It also turned out to be quite a long game when I think it might be more suited to filler or short game length; it was enjoyable though and I'll play it again.

Royal Goods did it's thing again; Dom picked up the game very easily and put in a good show, but Tom took the win leaving me frustrated at being a single assistant short of matching his score (darn lack of yellow cards, grumble grumble).

We then had a couple of rounds of Fake Artist played the proper way - a single shared picture and not allowed to remove your pen from the paper. Highlights were the world's weirdest looking Duck, James' "no, no, you go first" moment as the fake artist, and the fact that neither Sandra or her sister appear to have been in a pub before despite beer pretty much being invented in Germany and, erm, them sitting in one at the time. 


Tom, Alex, James III and I also played a game of codewords at the start. Love this game and the challenge of coming up with words to tie two or more other words together (not ever wanting to settle for the easy way out with just one answer). 'Lemon' and 'Egypt' were two that I struggled with on Wednesday, and 'sharp' almost did it... but not quite (James wasn't visualising the top of a pyramid in the same moment as me).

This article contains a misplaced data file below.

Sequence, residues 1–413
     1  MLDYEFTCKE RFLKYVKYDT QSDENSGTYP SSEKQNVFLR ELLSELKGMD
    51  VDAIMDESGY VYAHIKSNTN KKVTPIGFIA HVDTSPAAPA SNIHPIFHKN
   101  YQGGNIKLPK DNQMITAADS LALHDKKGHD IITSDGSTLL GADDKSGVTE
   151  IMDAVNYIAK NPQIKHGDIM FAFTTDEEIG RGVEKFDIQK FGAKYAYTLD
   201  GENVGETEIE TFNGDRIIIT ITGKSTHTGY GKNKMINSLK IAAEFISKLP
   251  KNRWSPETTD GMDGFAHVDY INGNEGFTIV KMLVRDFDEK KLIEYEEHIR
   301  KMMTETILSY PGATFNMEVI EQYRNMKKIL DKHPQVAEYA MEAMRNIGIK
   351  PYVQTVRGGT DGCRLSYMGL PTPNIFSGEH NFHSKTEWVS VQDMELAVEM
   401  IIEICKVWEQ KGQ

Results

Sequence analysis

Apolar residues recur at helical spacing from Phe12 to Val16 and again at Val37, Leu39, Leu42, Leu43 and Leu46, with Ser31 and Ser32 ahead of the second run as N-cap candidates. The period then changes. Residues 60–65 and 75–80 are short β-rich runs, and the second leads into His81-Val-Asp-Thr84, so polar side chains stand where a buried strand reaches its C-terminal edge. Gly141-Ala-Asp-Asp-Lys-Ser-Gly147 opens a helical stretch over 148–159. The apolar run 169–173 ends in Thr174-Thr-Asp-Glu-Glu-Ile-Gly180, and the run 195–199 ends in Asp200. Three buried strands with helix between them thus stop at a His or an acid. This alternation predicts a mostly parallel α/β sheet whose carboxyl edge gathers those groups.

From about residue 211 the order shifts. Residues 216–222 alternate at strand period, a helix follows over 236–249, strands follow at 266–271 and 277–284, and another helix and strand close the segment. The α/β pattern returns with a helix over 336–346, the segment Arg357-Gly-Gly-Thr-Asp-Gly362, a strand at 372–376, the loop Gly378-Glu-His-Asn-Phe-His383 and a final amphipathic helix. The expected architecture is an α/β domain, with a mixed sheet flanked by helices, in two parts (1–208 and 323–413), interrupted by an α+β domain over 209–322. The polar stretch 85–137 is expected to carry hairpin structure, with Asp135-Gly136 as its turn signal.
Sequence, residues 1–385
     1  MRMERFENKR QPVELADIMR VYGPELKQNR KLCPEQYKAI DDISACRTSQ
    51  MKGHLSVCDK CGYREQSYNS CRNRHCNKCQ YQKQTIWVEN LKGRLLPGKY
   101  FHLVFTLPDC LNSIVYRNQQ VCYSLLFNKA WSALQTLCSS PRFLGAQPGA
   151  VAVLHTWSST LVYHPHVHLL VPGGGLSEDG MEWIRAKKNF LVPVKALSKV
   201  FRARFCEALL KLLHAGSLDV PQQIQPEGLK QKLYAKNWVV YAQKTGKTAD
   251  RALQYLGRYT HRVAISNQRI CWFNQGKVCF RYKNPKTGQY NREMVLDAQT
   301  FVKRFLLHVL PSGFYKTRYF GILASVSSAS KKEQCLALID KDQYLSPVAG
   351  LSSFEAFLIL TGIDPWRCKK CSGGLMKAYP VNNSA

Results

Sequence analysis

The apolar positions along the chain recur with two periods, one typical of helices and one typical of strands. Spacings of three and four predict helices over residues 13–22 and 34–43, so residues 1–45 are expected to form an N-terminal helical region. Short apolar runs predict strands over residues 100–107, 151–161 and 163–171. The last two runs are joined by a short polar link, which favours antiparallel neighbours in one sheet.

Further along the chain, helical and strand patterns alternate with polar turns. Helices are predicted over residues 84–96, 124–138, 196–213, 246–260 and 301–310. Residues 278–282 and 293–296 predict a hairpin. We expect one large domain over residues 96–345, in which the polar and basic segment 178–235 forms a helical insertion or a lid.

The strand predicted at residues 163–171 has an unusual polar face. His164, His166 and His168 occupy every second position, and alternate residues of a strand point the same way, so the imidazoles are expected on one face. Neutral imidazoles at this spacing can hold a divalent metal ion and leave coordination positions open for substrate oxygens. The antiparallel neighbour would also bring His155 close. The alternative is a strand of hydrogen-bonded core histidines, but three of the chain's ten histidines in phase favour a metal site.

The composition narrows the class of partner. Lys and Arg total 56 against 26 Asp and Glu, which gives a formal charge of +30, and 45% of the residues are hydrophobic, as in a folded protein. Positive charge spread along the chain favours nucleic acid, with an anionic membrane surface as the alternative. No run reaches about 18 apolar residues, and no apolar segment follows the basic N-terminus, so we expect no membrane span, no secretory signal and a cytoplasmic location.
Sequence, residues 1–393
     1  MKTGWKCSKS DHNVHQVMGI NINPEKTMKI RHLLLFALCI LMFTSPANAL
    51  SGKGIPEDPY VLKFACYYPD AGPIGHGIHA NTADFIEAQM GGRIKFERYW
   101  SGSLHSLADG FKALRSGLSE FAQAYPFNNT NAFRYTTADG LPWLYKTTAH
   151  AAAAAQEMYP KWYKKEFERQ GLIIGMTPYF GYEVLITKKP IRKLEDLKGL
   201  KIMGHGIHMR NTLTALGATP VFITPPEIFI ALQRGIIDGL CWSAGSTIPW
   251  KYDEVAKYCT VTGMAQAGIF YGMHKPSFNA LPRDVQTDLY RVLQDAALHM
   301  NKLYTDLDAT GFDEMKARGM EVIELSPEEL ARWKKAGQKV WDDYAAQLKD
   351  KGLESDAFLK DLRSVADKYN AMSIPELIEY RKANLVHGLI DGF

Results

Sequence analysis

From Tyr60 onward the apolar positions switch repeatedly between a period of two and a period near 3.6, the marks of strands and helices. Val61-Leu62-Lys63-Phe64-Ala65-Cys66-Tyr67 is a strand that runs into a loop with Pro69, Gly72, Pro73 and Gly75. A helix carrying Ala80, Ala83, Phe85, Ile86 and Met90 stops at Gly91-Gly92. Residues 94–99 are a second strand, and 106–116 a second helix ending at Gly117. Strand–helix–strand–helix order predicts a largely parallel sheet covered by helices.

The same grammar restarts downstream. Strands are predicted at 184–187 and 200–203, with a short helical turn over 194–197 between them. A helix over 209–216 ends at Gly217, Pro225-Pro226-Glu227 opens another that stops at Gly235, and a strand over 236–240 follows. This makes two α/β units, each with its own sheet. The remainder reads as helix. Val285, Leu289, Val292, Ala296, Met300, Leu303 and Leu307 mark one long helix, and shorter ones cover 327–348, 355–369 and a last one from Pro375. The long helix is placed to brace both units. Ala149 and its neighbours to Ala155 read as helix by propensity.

I joined the Burgle Bros game with a bit of trepidation as I have seriously fallen out of love with cooperative games in recent times (as my snooze during Robinson Crusoe and badly hidden Scowl in Sentinels of the Multiverse show). I find that it's very difficult to either avoid the alpha gamer scenario or avoid a scenario where one person isn't holding the others back and they try not to be the alpha gamer, but you can tell that they want to get on with things in 'their way', or even just let one player do things because they really want to even if it isn't best for the game. But I liked the artwork and the 'heist' theme so took the tentative step. (BTW - I felt that the theme was great and came through naturally, and I'm not sure that a dungeon is the appropriate 'default' theme for games of this genre - or at least I hope not).